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Neural clocks and Neuropeptide F/Y regulate circadian gene expression in a peripheral metabolic tissue.

Erion R, King AN, Wu G, Hogenesch JB, Sehgal A - Elife (2016)

Bottom Line: Interestingly, rhythmic expression of the cytochrome P450 transcripts, sex-specific enzyme 1 (sxe1) and Cyp6a21, which cycle in the fat body independently of the local clock, depends upon clocks in neurons expressing neuropeptide F (NPF).NPF signaling itself is required to drive cycling of sxe1 and Cyp6a21 in the fat body, and its mammalian ortholog, Npy, functions similarly to regulate cycling of cytochrome P450 genes in the mouse liver.These data highlight the importance of neuronal clocks for peripheral rhythms, particularly in a specific detoxification pathway, and identify a novel and conserved role for NPF/Npy in circadian rhythms.

View Article: PubMed Central - PubMed

Affiliation: Howard Hughes Medical Institute, University of Pennsylvania, Philadelphia, United States.

ABSTRACT
Metabolic homeostasis requires coordination between circadian clocks in different tissues. Also, systemic signals appear to be required for some transcriptional rhythms in the mammalian liver and the Drosophila fat body. Here we show that free-running oscillations of the fat body clock require clock function in the PDF-positive cells of the fly brain. Interestingly, rhythmic expression of the cytochrome P450 transcripts, sex-specific enzyme 1 (sxe1) and Cyp6a21, which cycle in the fat body independently of the local clock, depends upon clocks in neurons expressing neuropeptide F (NPF). NPF signaling itself is required to drive cycling of sxe1 and Cyp6a21 in the fat body, and its mammalian ortholog, Npy, functions similarly to regulate cycling of cytochrome P450 genes in the mouse liver. These data highlight the importance of neuronal clocks for peripheral rhythms, particularly in a specific detoxification pathway, and identify a novel and conserved role for NPF/Npy in circadian rhythms.

No MeSH data available.


Restricted feeding between ZT9 and ZT15 alters the rhythmic expression of sxe1 and clock gene per in the Drosophila fat body.DOI:http://dx.doi.org/10.7554/eLife.13552.021
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fig7: Restricted feeding between ZT9 and ZT15 alters the rhythmic expression of sxe1 and clock gene per in the Drosophila fat body.DOI:http://dx.doi.org/10.7554/eLife.13552.021

Mentions: We include a time-restricted feeding (TRF) experiment (Author response image 1), and list the reasons we believe that although feeding can affect cycling of sxe1, it is not the only, and most likely not even the major, contributor to rhythms of genes driven by NPF/NPY:10.7554/eLife.13552.021Author response image 1.Restricted feeding between ZT9 and ZT15 alters the rhythmic expression of sxe1 and clock gene per in the Drosophila fat body.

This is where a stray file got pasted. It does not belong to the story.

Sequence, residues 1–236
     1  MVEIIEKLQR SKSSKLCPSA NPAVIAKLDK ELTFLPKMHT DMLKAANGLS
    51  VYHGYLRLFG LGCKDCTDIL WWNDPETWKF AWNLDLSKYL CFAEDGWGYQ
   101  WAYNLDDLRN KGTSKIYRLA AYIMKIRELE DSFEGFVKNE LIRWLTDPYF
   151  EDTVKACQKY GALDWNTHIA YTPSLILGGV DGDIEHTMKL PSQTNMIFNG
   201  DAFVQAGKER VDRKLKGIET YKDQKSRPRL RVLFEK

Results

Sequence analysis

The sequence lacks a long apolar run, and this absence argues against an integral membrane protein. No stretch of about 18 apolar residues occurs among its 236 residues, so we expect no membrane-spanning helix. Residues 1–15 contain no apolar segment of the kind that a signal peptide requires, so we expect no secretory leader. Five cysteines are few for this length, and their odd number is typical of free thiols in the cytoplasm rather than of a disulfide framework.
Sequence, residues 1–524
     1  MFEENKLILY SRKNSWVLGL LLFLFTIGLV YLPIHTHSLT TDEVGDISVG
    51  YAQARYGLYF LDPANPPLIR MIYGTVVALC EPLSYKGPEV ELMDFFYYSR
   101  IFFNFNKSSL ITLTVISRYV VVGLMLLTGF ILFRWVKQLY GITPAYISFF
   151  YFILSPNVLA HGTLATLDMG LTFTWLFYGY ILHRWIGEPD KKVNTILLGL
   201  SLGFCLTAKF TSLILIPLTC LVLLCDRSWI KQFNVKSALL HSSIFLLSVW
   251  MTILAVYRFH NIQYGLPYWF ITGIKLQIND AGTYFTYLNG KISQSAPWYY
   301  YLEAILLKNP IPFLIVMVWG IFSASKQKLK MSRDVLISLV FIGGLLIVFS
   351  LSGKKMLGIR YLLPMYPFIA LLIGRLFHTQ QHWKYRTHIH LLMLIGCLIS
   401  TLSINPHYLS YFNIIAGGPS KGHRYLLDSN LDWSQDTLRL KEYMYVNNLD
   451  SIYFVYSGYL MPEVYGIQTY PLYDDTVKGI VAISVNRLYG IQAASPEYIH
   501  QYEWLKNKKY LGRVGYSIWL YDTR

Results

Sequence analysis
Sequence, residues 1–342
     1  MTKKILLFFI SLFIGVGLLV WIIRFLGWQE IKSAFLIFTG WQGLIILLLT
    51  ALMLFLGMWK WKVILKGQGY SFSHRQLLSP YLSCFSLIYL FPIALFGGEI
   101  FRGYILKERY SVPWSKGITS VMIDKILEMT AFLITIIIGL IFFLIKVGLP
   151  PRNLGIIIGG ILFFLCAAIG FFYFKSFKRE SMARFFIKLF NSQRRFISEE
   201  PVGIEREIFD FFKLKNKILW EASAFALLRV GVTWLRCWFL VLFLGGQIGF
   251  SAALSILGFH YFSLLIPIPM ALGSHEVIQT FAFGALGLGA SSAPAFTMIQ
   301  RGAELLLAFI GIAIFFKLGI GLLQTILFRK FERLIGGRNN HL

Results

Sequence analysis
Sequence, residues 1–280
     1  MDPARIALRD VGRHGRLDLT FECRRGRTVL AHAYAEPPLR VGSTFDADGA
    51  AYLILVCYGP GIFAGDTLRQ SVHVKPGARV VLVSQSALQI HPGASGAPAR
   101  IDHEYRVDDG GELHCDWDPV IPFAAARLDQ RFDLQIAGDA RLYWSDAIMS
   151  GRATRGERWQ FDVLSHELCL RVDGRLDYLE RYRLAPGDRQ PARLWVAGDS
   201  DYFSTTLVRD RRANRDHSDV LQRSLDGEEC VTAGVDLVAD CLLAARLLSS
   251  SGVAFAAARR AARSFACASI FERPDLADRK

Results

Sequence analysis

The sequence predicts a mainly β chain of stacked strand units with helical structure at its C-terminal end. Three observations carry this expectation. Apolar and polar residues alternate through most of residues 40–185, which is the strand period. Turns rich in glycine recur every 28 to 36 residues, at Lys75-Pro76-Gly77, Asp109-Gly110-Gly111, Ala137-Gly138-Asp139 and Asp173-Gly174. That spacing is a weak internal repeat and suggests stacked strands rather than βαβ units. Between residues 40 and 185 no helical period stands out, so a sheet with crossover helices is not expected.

Neural clocks and Neuropeptide F/Y regulate circadian gene expression in a peripheral metabolic tissue.

Erion R, King AN, Wu G, Hogenesch JB, Sehgal A - Elife (2016)

Restricted feeding between ZT9 and ZT15 alters the rhythmic expression of sxe1 and clock gene per in the Drosophila fat body.DOI:http://dx.doi.org/10.7554/eLife.13552.021
© Copyright Policy
Related In: Results  -  Collection

License
Show All Figures
getmorefigures.php?uid=PMC4862751&req=5

fig7: Restricted feeding between ZT9 and ZT15 alters the rhythmic expression of sxe1 and clock gene per in the Drosophila fat body.DOI:http://dx.doi.org/10.7554/eLife.13552.021
Mentions: We include a time-restricted feeding (TRF) experiment (Author response image 1), and list the reasons we believe that although feeding can affect cycling of sxe1, it is not the only, and most likely not even the major, contributor to rhythms of genes driven by NPF/NPY:10.7554/eLife.13552.021Author response image 1.Restricted feeding between ZT9 and ZT15 alters the rhythmic expression of sxe1 and clock gene per in the Drosophila fat body.

Bottom Line: Interestingly, rhythmic expression of the cytochrome P450 transcripts, sex-specific enzyme 1 (sxe1) and Cyp6a21, which cycle in the fat body independently of the local clock, depends upon clocks in neurons expressing neuropeptide F (NPF).NPF signaling itself is required to drive cycling of sxe1 and Cyp6a21 in the fat body, and its mammalian ortholog, Npy, functions similarly to regulate cycling of cytochrome P450 genes in the mouse liver.These data highlight the importance of neuronal clocks for peripheral rhythms, particularly in a specific detoxification pathway, and identify a novel and conserved role for NPF/Npy in circadian rhythms.

View Article: PubMed Central - PubMed

Affiliation: Howard Hughes Medical Institute, University of Pennsylvania, Philadelphia, United States.

ABSTRACT
Metabolic homeostasis requires coordination between circadian clocks in different tissues. Also, systemic signals appear to be required for some transcriptional rhythms in the mammalian liver and the Drosophila fat body. Here we show that free-running oscillations of the fat body clock require clock function in the PDF-positive cells of the fly brain. Interestingly, rhythmic expression of the cytochrome P450 transcripts, sex-specific enzyme 1 (sxe1) and Cyp6a21, which cycle in the fat body independently of the local clock, depends upon clocks in neurons expressing neuropeptide F (NPF). NPF signaling itself is required to drive cycling of sxe1 and Cyp6a21 in the fat body, and its mammalian ortholog, Npy, functions similarly to regulate cycling of cytochrome P450 genes in the mouse liver. These data highlight the importance of neuronal clocks for peripheral rhythms, particularly in a specific detoxification pathway, and identify a novel and conserved role for NPF/Npy in circadian rhythms.

No MeSH data available.